Gross Receipts vs. Net Proceeds – Gross receipts is the actual amount the film generates across all media in a given territory (box office ticket sales, DVD sales, etc.). Net proceeds are profits or gross receipts minus costs (but, it should be noted, may bear little connection to the actual net profit generated by the film). What constitutes “costs” is usually negotiated, but may include the expenses incurred in distribution for marketing, advertising, exhibition, permits, fees as well as the distributor’s own fee and/or commission.
Expenses – Filmmakers will want to consider placing caps on how much the distributor can spend and claim as an expense. Advertising and marketing “expenses” have been known to swallow a filmmaker’s entire profit.
Distributor’s fees are calculated as a percentage of “adjusted gross receipts” – gross receipts minus taxes but before expenses are deducted. How much should the filmmaker pay for distribution? This percentage is negotiable and depends heavily on the film’s budget, earning potential, and whether an advance was paid.
The collection of net proceeds from the distributor can be difficult, to put it mildly. The filmmaker should require letters of credit, personal guarantees, and payment schedules. The agreement should provide for the periodic inspection of the distributor’s books and a term should be included to account for fluctuating currency exchange rates.
Delivery – Surprisingly, this term is often contested. As explained previously, the distributor will pay a certain small percentage of the pre-sale contract upfront and will tender the remainder when the film is delivered. It is this delivery that’s at issue and seems to be very controversial. From the filmmaker’s perspective, the delivery of the film (which meets objective criteria set out in the agreement) to a laboratory should trigger the payment. From the distributor’s view, the film should be available for inspection to confirm it is technically and artistically viable before the distributor is required to pay for it. The filmmaker’s concern is that once inspected, the distributor might arbitrarily or subjectively reject it and leave the filmmaker without distribution in that territory. The distributor may be concerned that the filmmaker has delivered unusable materials.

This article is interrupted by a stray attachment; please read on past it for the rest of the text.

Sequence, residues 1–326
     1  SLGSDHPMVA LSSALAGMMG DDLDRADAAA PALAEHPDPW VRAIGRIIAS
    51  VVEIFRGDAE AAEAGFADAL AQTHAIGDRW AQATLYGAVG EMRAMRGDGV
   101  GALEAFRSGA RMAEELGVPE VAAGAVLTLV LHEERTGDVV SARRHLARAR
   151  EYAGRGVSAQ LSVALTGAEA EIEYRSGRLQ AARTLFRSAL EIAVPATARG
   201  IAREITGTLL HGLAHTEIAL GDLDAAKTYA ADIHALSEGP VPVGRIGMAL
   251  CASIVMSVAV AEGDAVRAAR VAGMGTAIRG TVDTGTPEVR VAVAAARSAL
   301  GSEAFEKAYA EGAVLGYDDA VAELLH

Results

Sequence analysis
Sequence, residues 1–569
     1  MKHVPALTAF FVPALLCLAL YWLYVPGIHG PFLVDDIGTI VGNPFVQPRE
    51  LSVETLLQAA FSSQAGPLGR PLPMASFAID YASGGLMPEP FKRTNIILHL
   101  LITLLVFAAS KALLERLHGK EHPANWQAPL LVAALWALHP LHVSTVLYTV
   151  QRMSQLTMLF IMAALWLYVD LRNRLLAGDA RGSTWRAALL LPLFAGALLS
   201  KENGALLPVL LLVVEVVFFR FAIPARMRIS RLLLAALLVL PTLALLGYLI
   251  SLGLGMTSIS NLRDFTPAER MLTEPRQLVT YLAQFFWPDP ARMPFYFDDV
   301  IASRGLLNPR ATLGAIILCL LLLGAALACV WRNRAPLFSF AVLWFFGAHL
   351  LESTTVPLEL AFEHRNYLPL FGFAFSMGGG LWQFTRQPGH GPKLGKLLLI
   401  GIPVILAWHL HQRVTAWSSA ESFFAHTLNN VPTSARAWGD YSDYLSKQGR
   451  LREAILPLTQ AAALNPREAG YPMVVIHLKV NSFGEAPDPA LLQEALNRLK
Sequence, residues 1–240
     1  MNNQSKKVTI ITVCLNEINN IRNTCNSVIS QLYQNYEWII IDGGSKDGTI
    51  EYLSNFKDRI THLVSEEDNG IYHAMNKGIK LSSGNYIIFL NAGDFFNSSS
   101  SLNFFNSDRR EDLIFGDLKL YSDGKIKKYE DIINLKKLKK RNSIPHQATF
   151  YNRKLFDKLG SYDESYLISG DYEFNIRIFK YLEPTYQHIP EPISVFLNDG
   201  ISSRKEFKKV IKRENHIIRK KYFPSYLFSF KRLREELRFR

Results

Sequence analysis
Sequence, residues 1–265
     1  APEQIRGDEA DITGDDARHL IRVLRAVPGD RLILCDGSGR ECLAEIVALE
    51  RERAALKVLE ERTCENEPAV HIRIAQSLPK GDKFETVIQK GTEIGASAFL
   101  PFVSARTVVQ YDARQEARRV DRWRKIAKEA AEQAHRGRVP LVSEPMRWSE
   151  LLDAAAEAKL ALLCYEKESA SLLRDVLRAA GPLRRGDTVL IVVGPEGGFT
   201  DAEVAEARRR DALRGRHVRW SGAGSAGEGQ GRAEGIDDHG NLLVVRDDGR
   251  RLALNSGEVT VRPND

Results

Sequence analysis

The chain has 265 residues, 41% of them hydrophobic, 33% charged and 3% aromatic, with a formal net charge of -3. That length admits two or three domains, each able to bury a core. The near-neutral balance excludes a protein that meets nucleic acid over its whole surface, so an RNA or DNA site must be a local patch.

Termination – Whether by incurable breach or expiration of the term, the agreement will terminate at some point. Who owns the rights then? Will they revert to the filmmaker? Or will the distributor attempt to retain the rights in perpetuity to reap the profits over the life of the film?
Finally, the filmmaker must keep political issues in mind when considering foreign sales and make efforts to contract around these issues in advance. For instance, some governments restrict how much capital can leave the country. This phenomenon is known as blocked funds. Another issue is countries instituting quotas on foreign film releases in a given year, or censoring scenes, storylines, or banning certain films entirely. Yet another is the issue of the foreign territory’s commitment to enforce copyright laws — or lack thereof. The last one is probably the most detrimental. It is said that a film released in China or India, both of which don’t have firmly enforced policies on intellectual property, is pirated within minutes. Such pirating not only hurts sales in those countries, but with the internet, it may dilute sales worldwide. The best advice, it seems, is not to take anything for granted. A common business practice in one country might be unheard of in another.